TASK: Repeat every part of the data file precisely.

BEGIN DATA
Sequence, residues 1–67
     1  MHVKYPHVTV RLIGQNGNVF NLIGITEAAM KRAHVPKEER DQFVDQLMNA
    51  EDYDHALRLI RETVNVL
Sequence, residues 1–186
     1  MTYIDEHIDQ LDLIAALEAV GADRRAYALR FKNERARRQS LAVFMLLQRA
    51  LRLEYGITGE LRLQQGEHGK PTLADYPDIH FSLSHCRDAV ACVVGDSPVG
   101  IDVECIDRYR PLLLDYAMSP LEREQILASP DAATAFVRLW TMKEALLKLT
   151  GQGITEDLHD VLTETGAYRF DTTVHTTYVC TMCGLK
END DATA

Sequence, residues 1–67
     1  MHVKYPHVTV RLIGQNGNVF NLIGITEAAM KRAHVPKEER DQFVDQLMNA
    51  EDYDHALRLI RETVNVL
Sequence, residues 1–186
     1  MTYIDEHIDQ LDLIAALEAV GADRRAYALR FKNERARRQS LAVFMLLQRA
    51  LRLEYGITGE LRLQQGEHGK PTLADYPDIH FSLSHCRDAV ACVVGDSPVG
   101  IDVECIDRYR PLLLDYAMSP LEREQILASP DAATAFVRLW TMKEALLKLT
   151  GQGITEDLHD VLTETGAYRF DTTVHTTYVC TMCGLK